The National Council of Canadian Muslims (NCCM) this past week launched the "RSS Network in Canada" report, with the World Sikh Organization of Canada.
It is the first attempt to describe how Canadian communities and institutions are being used to help fulfil the vision of the RSS—a group that wants to remake India into a country run by and for its Hindu majority.
This poses a major challenge to Canada's commitment to pluralism and tolerance. It is time we start asking the right questions, especially as #Ottawa looks to engage India on trade and other partnerships.
RASHTRIYA SWAYAMSEVAK SANGH (RSS) NETWORK IN CANADA
The RSS, or Rashtriya Swayamsevak Sangh, is one of the most influential non-government groups in the world.
It’s also the mother organization behind the party currently governing India: the Bharatiya Janata Party, or BJP.
Yet outside of India, few know about the RSS, its agenda, and its ideas.
Formed in the early 20th century, the RSS is a right-wing paramilitary organization that believes India should be run by and for its Hindu majority first and foremost. In such a vision, religious minorities in India, from Muslims, to Sikhs, to Christians, to Dalits, become second-class citizens.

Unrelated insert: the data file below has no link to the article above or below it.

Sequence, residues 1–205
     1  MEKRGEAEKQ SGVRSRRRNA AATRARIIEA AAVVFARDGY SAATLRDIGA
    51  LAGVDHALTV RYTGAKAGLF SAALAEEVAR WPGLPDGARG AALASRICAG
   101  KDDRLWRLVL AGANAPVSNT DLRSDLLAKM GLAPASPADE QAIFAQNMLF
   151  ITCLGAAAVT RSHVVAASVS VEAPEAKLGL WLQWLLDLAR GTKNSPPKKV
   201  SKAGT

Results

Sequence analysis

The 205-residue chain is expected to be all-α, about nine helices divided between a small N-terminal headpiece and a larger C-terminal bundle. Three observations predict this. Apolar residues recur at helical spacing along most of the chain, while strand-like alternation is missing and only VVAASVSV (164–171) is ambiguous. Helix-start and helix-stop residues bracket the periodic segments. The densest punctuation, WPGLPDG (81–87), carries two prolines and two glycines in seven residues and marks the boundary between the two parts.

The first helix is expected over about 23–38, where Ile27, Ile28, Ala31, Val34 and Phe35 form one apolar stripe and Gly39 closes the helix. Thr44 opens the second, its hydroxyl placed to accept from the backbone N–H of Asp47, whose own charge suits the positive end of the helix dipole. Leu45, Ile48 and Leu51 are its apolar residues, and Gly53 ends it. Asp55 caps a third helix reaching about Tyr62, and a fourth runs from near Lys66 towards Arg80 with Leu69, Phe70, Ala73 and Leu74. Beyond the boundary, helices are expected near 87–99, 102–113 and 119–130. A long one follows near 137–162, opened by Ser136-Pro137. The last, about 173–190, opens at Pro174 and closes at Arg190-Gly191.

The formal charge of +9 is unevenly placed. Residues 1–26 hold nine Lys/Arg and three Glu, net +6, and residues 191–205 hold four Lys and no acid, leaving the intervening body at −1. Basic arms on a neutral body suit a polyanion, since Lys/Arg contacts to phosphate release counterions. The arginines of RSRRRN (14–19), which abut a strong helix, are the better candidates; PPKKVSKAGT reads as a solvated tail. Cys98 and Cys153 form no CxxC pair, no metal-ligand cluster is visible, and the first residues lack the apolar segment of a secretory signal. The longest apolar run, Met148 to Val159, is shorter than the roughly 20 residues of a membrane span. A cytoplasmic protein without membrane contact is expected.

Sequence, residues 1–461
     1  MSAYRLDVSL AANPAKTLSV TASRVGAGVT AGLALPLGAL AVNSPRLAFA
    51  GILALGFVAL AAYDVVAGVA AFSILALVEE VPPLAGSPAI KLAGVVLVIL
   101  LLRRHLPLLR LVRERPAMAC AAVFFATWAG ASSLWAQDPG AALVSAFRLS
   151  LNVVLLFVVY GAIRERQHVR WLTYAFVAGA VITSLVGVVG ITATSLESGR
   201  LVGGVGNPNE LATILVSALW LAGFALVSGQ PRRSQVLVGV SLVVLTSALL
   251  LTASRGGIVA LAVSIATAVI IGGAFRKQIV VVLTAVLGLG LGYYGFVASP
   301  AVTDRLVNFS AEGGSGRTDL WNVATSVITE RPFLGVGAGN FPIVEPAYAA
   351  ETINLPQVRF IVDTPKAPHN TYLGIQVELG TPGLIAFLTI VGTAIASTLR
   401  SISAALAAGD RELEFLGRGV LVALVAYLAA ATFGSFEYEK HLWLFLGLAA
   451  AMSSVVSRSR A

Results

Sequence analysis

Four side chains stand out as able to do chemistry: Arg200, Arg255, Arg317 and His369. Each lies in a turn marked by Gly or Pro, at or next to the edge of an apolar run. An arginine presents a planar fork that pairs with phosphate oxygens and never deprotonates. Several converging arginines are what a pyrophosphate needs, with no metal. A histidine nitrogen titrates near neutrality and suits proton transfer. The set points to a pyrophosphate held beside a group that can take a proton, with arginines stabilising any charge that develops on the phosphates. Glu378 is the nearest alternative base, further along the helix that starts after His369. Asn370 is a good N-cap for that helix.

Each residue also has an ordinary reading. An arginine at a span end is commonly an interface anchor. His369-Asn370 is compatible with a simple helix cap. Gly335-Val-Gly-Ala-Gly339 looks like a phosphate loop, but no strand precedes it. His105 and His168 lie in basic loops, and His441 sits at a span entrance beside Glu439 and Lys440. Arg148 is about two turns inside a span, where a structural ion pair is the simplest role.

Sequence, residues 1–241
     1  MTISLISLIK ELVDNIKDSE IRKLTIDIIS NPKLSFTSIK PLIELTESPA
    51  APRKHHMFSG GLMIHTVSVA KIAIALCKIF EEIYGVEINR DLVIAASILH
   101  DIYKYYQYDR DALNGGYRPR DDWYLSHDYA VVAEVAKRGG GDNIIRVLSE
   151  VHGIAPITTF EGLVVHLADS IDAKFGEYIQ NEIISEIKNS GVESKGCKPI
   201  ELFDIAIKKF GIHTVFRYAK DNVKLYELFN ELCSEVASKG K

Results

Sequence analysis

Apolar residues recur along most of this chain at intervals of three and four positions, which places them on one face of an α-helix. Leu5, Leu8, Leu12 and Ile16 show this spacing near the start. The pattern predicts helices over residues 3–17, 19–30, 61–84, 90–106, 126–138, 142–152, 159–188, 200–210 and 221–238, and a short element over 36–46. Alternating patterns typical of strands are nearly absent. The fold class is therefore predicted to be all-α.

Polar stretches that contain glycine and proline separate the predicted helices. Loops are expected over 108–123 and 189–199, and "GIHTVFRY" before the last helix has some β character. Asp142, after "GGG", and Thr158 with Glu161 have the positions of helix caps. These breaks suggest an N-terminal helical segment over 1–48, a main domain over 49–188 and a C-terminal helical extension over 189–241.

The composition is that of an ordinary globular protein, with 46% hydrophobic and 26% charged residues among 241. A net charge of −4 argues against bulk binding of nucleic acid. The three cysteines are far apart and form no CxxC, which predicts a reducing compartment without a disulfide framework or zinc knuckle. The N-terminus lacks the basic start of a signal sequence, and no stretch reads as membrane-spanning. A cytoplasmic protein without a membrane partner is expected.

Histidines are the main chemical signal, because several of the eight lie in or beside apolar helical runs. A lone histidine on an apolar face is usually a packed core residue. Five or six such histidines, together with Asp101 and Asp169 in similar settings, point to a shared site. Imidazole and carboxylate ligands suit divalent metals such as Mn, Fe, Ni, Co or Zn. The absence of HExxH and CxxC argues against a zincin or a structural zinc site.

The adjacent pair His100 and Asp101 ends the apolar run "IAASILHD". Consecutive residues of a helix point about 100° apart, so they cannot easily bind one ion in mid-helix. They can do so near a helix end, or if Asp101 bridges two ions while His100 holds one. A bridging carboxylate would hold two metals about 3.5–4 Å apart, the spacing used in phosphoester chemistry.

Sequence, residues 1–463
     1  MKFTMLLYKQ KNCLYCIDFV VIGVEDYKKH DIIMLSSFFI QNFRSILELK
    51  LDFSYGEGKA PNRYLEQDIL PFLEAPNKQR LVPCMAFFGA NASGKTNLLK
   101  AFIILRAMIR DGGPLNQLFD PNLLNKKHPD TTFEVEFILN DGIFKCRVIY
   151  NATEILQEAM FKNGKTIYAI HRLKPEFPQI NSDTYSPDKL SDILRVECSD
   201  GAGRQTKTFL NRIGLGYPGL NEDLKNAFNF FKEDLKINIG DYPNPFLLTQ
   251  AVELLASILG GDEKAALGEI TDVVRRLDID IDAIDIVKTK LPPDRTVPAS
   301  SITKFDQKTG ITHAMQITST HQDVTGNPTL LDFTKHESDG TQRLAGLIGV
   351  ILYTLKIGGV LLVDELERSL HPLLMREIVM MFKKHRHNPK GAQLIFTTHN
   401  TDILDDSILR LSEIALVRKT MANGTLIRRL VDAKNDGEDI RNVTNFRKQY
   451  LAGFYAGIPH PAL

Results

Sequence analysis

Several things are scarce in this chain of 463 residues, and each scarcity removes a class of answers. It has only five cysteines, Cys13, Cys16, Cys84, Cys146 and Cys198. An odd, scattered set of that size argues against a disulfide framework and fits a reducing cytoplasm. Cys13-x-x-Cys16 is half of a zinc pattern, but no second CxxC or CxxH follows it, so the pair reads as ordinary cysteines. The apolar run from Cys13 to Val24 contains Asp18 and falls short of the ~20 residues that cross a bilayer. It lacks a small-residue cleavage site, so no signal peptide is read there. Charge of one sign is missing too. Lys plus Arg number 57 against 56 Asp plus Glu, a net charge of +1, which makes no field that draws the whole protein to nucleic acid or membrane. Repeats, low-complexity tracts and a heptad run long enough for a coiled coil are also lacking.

The RSS is the centre of a network of groups that helps push these ideas. Some of these groups have engaged in organized violence against Muslim and other minority communities across India. The threat they pose is ongoing and by no means a thing of the past.
Yet the RSS has only grown in influence as the BJP dominates India’s politics. Through organizations that engage in humanitarian, community, education, and political work, the RSS has been spreading its ideologies across the world, including into Canada.
What does this mean for democracy, pluralism, and for tolerance in our country? Or the world?